Swap modern highways and round-the-clock air travel for a romantic trip through African landscapes by luxury train
Africa is arguably the most romantic continent, just imagine sleeping under the stars in safari-style tents, bearing witness to elephant migrations and watching flaming red sunsets.
In some parts of Africa, that vision is still true. But South Africa is also a fast-paced and modern society, complete with super-fast internet, massive highways and bustling airports.
That’s why stepping back in time and travelling across South Africa at a sedate pace, on board a luxurious colonial-style train, is so magical. Plus, travelling by train allows visitors to uncover remote parts of South Africa that you wouldn’t otherwise see if you simply flew between cities.
The start of the journey: Pretoria
The luxurious Rovos Rail journey starts in Pretoria, the administrative capital, about 70 km north of Johannesburg. Famed for its jacaranda trees that turn the streets purple in spring, Pretoria has a turbulent history. Today, a buzzing metropolis, it is the ideal place to pause and reflect on South Africa’s history before boarding the train.
Visit the Voortrekker Monument, a tribute to the Afrikaners who trekked across the country, and take in the Union Buildings where, in 1994, Nelson Mandela was sworn in as South Africa’s first democratically elected president.
Amid this historic backdrop, the Rovos Rail journey departs from Capital Park Station, a private, colonially styled station. The Rovos Rail reflects a bygone era: the trains, which have 36 suites, feature first-class cuisine served alongside South African wines. All meals and drinks are served onboard and within the colonial-style dining rooms and suites. Guests can simply relax, soak up the romantic atmosphere and watch the African landscapes unfold.
Today, train travel isn’t that common in South Africa. The country’s railways were, however, originally pioneered by colonialists who wanted to connect ports such as Cape Town, Durban and modern-day Maputo in Mozambique with mining and resource-rich areas in the interior.
On the move: towards Johannesburg
Departing Pretoria, the train rolls south to Johannesburg and the ridges of the Witwatersrand. Look out for gold mine dumps – the by-product of gold being discovered here in 1888. Just south of Johannesburg is Soweto, the country’s most famous township and once home to two Nobel Peace Prize winners, Nelson Mandela and Desmond Tutu.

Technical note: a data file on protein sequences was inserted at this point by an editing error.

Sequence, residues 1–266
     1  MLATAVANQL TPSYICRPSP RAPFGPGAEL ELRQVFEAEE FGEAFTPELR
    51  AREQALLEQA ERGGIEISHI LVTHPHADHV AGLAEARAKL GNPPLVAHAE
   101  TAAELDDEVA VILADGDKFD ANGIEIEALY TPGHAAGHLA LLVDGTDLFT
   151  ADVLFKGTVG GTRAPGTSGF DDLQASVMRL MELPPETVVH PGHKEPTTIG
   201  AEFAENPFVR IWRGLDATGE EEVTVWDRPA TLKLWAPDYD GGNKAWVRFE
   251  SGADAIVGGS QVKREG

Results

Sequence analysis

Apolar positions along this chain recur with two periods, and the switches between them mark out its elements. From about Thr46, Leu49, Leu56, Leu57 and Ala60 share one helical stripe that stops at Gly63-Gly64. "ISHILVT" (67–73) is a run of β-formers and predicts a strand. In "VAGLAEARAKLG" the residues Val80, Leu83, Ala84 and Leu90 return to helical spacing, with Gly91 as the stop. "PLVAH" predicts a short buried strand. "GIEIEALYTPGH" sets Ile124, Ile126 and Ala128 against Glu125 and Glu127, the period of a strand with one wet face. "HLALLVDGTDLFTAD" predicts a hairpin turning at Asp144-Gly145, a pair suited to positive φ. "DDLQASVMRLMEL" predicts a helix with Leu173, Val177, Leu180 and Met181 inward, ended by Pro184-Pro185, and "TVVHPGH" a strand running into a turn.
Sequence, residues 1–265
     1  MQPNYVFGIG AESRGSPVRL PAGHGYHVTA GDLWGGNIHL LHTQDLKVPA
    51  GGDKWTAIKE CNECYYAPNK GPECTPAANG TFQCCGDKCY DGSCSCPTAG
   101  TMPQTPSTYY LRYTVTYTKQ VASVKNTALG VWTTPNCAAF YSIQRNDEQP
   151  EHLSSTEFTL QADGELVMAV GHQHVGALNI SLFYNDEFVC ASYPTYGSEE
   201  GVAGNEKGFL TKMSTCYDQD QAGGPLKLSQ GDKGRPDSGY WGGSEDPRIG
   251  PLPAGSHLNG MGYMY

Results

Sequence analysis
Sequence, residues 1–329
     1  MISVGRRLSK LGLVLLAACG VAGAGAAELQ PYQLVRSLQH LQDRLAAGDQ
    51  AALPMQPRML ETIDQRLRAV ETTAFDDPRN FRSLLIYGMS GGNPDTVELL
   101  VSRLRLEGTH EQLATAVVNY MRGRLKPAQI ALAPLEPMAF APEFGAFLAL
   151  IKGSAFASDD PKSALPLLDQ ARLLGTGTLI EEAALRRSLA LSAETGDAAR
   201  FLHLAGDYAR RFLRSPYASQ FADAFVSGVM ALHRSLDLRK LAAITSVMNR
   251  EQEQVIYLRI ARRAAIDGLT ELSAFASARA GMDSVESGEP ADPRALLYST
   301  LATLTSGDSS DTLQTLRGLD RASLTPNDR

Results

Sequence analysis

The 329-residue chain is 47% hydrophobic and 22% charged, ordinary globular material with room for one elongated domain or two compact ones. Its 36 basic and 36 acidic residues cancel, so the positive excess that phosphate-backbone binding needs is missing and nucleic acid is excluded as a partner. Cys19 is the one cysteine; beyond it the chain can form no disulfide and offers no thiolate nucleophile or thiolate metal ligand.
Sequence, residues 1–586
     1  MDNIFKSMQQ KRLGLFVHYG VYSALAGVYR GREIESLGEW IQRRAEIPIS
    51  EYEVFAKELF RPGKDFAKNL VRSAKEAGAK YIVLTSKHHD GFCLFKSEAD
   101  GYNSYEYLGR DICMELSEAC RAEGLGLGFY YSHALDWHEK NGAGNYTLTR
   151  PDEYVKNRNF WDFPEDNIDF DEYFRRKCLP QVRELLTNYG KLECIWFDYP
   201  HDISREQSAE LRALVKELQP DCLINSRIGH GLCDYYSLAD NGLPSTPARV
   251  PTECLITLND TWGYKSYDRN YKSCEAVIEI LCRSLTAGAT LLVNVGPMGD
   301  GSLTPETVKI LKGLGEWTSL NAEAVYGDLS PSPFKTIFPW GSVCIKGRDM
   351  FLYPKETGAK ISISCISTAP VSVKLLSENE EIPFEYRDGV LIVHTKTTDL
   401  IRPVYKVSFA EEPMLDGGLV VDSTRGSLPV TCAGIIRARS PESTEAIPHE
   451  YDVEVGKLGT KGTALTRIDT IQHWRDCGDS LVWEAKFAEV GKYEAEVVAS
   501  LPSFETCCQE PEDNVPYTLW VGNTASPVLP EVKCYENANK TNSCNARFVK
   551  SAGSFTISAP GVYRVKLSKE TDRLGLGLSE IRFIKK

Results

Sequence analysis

Kimberley and the Northern Cape
From here, the train rumbles west across the Highveld towards the Northern Cape Province and another giant in South Africa history: the diamond mining town of Kimberley.
Diamonds were first discovered here in the mid-1800s and it wasn’t long before hoards of prospectors arrived. British colonialist Cecil John Rhodes – who went on to claim modern-day Zimbabwe and Zambia on behalf of the British – made his fortune here. Kimberley’s most famous attraction is the Big Hole – a massive gash in the earth’s surface and the result of feverish digging from diamond-hungry men.
Visitors will also learn that it was the first city in the Southern Hemisphere (and only the second in the world after Philadelphia) to integrate electric streetlights into its infrastructure in 1882.
After departing Kimberley, the Rovos Rail continues onwards to the Karoo, the Northern Cape’s desolate, beautiful and at times, moon-like landscape. It might look empty, but there’s plenty going on here. As the train rumbles through the night, guests can reflect (from the comfort of their beds) that this slice of South Africa is a leading astronomy destination (thanks to little or no artificial lights), has a rich literary and artistic history, and is where numerous archaeological discoveries, including dinosaur fossils, have been made.
The Western Cape and Cape Town
The next day, as the day dawns, the train trundles towards Cape Town through a series of tunnels and into the Mother City. Cape Town is one of the jewels in South Africa’s crown – a multi-cultural, vibrant place famed for its arts, culture, natural attractions and cuisine.
It is also where the story of colonial and modern South Africa began and where Nelson Mandela spent 18 of his 27 years in jail on Robben Island. So wave goodbye to the Rovos Rail – there’s plenty more to see and do in Cape Town.